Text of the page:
ADVERTISEMENT

ADVERTISEMENT

Tribe appeals judge's ruling, seeks new injunction to protect sacred sites

NORTH OF CANNON BALL, N.D. -- The Standing Rock Sioux Tribe is appealing a federal judge's ruling on the Dakota Access Pipeline and is seeking an injunction to protect sacred sites while the appeal is pending.

2807062+091016.N.FNS_.PIPELINERULING.camp_.JPG
Life continues in the protest campsite south of the Dakota Access Pipeline site Friday, Sept. 9, 2016, north of Cannon Ball, N.D.Michael Vosburg / Forum Photo Editor
We are part of The Trust Project.

NORTH OF CANNON BALL, N.D. - The Standing Rock Sioux Tribe is appealing a federal judge's ruling on the Dakota Access Pipeline and is seeking an injunction to protect sacred sites while the appeal is pending.

The tribe has filed a notice of appeal of the Friday, Sept. 9, ruling by U.S. District Court Judge James Boasberg that denied the tribe's request to halt pipeline construction while the lawsuit against the U.S. Army Corps of Engineers proceeds.

While the appeal to the D.C. Circuit Court of Appeals is pending, attorney Jan Hasselman argued in court records the court should issue an injunction to halt pipeline construction around Lake Oahe to "prevent additional losses and desecration of grave sites."

"There is a high likelihood of additional sites in this area that the tribes should be given an opportunity to survey for, and seek to protect before they are destroyed," wrote Hasselman, an attorney for environmental law firm Earthjustice.

The Corps, the Department of Justice and the Department of Interior issued a joint statement Friday that said pipeline construction will temporarily be halted on Corps land in and around Lake Oahe, a dammed section of the Missouri River north of the Standing Rock reservation.

ADVERTISEMENT

The agencies also asked Dakota Access to voluntarily stop construction 20 miles east and west of Lake Oahe.

Dakota Access has declined to comment on whether the company will voluntarily stop construction in that area.

"Considering they need a permit from the Army Corps to cross under Lake Oahe, thumbing their nose at the Army Corps sounds like a bad strategy," Hasselman told Forum News Service Saturday.

The appeal could become more of a formality now that the federal agencies have intervened, Hasselman said, but the tribe needs to continue the legal process until it has more clarification on the next steps.

"At some point in all this, people may realize that events have overtaken this litigation and we won't pursue it," Hasselman said.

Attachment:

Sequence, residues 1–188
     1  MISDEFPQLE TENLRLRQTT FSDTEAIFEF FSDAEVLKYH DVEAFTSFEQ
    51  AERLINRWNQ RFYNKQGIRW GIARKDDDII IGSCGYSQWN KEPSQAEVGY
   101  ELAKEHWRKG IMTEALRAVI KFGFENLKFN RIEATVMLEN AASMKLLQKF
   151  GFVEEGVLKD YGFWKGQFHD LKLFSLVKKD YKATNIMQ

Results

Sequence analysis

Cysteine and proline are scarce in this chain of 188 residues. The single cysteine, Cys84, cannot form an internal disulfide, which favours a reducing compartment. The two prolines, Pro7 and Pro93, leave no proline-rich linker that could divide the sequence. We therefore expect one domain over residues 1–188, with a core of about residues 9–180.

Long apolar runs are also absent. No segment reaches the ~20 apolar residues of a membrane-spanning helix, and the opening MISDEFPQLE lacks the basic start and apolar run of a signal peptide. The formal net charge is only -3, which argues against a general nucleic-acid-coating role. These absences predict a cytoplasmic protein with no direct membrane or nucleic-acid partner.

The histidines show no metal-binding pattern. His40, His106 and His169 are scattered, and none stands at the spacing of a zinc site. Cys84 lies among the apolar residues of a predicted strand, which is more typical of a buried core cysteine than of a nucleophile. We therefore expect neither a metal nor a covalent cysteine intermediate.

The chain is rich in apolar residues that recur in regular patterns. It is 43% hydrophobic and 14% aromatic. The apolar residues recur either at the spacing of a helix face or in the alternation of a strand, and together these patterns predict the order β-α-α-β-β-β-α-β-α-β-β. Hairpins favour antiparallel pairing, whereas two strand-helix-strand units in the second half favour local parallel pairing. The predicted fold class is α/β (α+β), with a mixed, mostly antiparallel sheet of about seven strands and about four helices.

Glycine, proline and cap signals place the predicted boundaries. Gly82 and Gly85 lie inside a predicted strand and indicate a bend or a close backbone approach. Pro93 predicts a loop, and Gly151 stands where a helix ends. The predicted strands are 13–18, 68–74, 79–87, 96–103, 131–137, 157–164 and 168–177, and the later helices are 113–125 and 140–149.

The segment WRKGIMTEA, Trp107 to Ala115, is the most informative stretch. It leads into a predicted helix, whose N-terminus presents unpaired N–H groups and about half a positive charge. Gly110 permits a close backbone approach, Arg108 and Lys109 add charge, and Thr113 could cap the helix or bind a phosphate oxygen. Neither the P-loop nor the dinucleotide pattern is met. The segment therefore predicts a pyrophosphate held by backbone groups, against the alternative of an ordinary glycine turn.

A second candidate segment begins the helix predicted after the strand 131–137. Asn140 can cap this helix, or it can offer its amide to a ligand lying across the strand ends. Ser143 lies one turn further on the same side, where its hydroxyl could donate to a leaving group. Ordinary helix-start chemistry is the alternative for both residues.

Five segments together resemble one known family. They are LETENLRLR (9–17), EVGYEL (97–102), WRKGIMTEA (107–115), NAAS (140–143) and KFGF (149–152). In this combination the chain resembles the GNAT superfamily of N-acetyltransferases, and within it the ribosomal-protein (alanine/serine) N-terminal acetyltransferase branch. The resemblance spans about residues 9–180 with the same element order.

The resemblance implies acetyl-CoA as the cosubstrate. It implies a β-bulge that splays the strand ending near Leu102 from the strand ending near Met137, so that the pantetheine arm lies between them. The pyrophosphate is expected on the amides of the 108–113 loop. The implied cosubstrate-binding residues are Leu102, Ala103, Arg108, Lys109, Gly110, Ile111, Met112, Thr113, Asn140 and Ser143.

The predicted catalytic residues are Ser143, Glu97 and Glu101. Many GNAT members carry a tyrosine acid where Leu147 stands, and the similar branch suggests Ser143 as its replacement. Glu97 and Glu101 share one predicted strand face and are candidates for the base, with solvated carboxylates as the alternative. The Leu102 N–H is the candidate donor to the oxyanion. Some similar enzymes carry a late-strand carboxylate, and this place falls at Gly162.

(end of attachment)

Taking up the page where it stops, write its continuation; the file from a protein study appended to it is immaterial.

Standing Rock is seeking the court to order an injunction for 20 miles within Lake Oahe while its appeal is pending.

North Dakota's Historic Preservation Office plans to look into whether bulldozers clearing a path for the Dakota Access Pipeline destroyed burial grounds and other sacred sites identified the day before in a court filing by the Standing Rock Sioux Tribe.

Dakota Access says no sacred sites were destroyed and claims that six of the sites identified by the tribe were directly over the existing Northern Border natural gas pipeline and "could not possibly be original artifacts."

ADVERTISEMENT

The Corps filed a notice opposing the tribe's appeal of the judge's ruling. The agency also said it does not oppose extending a temporary restraining order until Sept. 16, when the parties meet again for a status conference. But that temporary restraining order only halts construction on part of the land the tribe is seeking to protect.

"The Corps will continue to assess and possibly revise this position in consideration of public safety concerns," the agency said in court records.

Meanwhile, Dakota Access opponents say they intend to continue camping north of the reservation while the legal matters are ongoing. Standing Rock Sioux Tribe Chairman Dave Archambault II said Saturday there are still tribes that want to come and show their solidarity.

Dallas Goldtooth, an organizer with the Indigenous Environmental Network, said some people may leave this weekend, but he expects many to stay and watch what Dakota Access does next.

"Those of us here in this camp are cautious and are prepared for Dakota Access to move ahead," Goldtooth said. "We firmly believe that this company who has invested billions of dollars is not going to give up so easily."

The North Dakota National Guard continues to be in a support role at an information checkpoint on State Highway 1806, with a couple dozen guard members rotating to fill those shifts, said Guard spokeswoman Amber Balken.

Additional Guard members were put on alert Thursday but have not been activated, Balken said Saturday morning.

Law enforcement officers from across the state are assisting the Morton County Sheriff's Office, with support from 10 city agencies, 12 county sheriff's departments and numerous state agencies, including some from parole and probation, said Morton County spokeswoman Donnell Preskey.

What to read next
In the eight days of data provided by the South Dakota Highway Patrol, troopers reported three fatalities and 66 injuries across 53 crashes.
Cases of fraud or alleged fraud have caused uncertainty and mistrust among some consumers in an industry that relies largely on the honesty of producers, processors and packagers to maintain the integrity of the industry.
The South Dakota Department of Public Safety is releasing daily updates on crashes and crime in and around Sturgis for the duration of the nine-day rally.